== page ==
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Meet the Moscow Lawyers Hitting Back at the West

These former Big Law partners are suing major US companies and claim international law firms have not really left the Russian capital.

By Krishnan Nair | апреля 26, 2022

Outrage over the Ukraine war prompted several hundred Western companies to abandon key cities in Russia and halt services to the nation’s population. The mass withdrawal of anything from retail, food, banking and tech services has created a new world for Russia’s people, one without easy access to payment services, or to the simplest pleasures that most take for granted: Streaming music and movies, for instance.

But, in Moscow, two lawyers are seeing to it that there are consequences for this.

Meet Grigory Chernyshov and Konstantin Lukoyanov of CLPLaw—two lawyers who previously worked at major international firms—who are now mounting legal challenges against some of the world’s largest companies in class actions on behalf of Russian consumers. In their crosshairs so far are no less than Apple and Netflix.

But more will follow, Lukoyanov says. With reports that sanctions instituted by the U.S., the EU and the U.K. are hitting Russian citizens hard, CLP is on a mission “to hold Western companies accountable” for what it calls “dishonest actions against Russian users”.

In a time of rising tensions between Russia and the West, it’s a bold, unapologetic move, but they say it is one done purely with the interests of Russian consumers, and not the Russian state, at heart. “There is nothing about the state’s or its entities’ interests,” Lukoyanov said.

“In the given circumstances, we are trying to do our best to protect the law, rights and interests of Russian consumers,” adding that his firm is “considering other actions in most egregious cases”.

And so, Apple and Netflix are first in the line of fire.

Both companies were at the very forefront of the wave of Silicon Valley giants that renounced Russia and uprooted and halted services in March in response to Putin’s offensive against Ukraine. While Apple stopped its payment service in Russia, Netflix said it would not add Russian state channels to its service and would cease all future projects in the country.

So is this retribution for the Moscow exodus?

Lukoyanov insists these are “purely legal actions”.

“We are lawyers, we don’t give political assessments. The law was broken and it doesn’t matter from the legal point of view what was the reason to breach the law or contract.

“There is a system of protection in civil law which should be applied under these circumstances as a matter of law. Otherwise, we don’t need civil law as a regulatory framework. Obviously, the reasons to withdraw services in Russia and abuse Russian consumers’ rights were not based on commercial or legal grounds.”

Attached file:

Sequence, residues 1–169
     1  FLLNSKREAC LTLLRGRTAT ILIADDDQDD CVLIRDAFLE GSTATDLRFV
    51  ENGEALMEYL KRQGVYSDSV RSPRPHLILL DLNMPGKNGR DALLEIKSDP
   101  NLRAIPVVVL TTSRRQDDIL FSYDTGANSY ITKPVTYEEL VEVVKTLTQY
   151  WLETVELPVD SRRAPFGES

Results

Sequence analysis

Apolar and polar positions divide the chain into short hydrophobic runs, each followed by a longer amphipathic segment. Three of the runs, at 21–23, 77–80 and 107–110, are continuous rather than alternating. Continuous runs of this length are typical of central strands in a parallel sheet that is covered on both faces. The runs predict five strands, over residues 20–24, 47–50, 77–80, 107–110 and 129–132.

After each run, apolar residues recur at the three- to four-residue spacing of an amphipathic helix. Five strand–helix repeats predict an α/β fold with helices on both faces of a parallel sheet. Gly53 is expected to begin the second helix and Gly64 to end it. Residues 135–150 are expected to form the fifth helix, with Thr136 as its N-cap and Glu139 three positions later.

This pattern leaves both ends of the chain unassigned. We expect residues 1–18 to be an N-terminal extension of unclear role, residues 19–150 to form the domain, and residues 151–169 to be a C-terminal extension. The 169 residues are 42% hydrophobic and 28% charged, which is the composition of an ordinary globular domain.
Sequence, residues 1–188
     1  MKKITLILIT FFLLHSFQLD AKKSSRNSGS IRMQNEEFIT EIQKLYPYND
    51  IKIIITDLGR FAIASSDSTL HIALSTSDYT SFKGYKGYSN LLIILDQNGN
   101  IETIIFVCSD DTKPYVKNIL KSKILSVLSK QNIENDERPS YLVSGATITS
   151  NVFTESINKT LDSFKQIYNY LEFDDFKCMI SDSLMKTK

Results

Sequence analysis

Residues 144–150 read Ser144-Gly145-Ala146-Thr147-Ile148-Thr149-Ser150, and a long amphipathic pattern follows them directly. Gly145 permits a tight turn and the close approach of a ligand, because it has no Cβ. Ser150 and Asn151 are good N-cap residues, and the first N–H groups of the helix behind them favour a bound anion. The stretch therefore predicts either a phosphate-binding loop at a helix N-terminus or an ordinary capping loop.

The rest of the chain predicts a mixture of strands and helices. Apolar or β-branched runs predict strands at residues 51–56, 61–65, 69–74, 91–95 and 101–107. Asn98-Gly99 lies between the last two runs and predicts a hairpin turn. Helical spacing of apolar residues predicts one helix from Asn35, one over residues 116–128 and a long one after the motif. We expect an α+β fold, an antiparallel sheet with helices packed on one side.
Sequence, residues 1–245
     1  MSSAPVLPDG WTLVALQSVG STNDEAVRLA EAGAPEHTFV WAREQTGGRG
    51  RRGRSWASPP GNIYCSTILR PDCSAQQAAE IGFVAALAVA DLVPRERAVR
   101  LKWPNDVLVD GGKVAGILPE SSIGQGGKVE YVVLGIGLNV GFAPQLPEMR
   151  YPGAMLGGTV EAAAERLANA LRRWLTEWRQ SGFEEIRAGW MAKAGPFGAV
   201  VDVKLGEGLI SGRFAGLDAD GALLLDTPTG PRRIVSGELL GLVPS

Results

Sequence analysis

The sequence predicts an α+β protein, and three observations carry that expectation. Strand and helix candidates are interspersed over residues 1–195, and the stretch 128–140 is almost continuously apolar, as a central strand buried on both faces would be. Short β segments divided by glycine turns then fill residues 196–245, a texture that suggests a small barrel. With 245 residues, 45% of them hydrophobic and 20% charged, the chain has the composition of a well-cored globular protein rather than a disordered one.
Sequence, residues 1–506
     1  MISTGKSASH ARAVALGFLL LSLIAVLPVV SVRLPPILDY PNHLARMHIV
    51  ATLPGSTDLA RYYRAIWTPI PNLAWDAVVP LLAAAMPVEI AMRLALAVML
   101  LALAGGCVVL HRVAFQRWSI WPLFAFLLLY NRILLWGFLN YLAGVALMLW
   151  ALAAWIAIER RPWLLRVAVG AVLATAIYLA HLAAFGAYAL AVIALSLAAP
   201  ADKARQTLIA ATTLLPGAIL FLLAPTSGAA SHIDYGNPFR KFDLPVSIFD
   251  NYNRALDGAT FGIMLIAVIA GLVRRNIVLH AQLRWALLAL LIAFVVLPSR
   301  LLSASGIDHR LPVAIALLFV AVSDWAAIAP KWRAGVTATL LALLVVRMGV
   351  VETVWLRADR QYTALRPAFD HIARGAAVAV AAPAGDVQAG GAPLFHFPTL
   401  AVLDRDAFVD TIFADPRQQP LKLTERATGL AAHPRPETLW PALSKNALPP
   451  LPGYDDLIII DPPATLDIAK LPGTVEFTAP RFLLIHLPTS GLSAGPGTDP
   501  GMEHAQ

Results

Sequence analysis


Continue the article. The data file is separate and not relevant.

For any lawyer, it’s a tall order to take on two of the most prominent and wealthy companies in the world. But Lukoyanov and Chernyshov have a career history to match most rivals.

Lukoyanov is formerly a partner at Linklaters, while Chernyshov is an ex-White & Case partner. Between 2011 and 2015, both led the Russian disputes practices at their respective firms. Both also had stretches at elite Russian firm Egorov Puginsky Afanasiev & Partners.

They went on to establish their own eight-lawyer practice, Chernyshov Lukoyanov & Partners, in 2015.

“At some stage, we’d realized we had a serious background (top Russian and Western law firms), great experience and deep knowledge as well as loyal clients to set up a unique service for our clients in Russia,” said Lukoyanov. “And we did that.”

“We have a great team of like-minded experts so we offer our clients the most effective way of protecting their interests.”

While the ‘Moscow exodus’ of large Western companies and law firms was welcomed in Europe, the U.S. and other parts of the world where Putin’s actions have been condemned, in Russia, it is being viewed skeptically. Lukoyanov describes the flurry of law firms announcing Moscow departures as nothing more than a branding exercise, going as far as suggesting that few firms have actually, physically left.

“In reality, we don’t see any big international law firms leaving Russia. They keep working with the same teams, on the same client matters and sitting in the same offices,” he said. ”This is nothing more at the moment than a public announcement of ‘leaving’ brands, just to comply, as we understand, with a general Western trend.”

These are strong words. Divisive even. Partners at Big Law firms have previously said that leaving Russia could take time, given the complexities posed by local employment laws, the difficulties in relocating staff and other regulatory issues. When Linklaters announced it was closing its Moscow office, for instance, it said it was making efforts to relocate staff to London and Dubai.

Even if these firms are indeed leaving as stated and the Russian legal industry were suddenly teeming with out-of-work lawyers, Lukoyanov insists CLP is not in the market for new talent.

“We have a strong team and don’t need fresh blood at the moment,” Lukoyanov said. “At the same time, we definitely have an ability to respond quickly to changing situations if that will be in our interest and the interest of our clients.”

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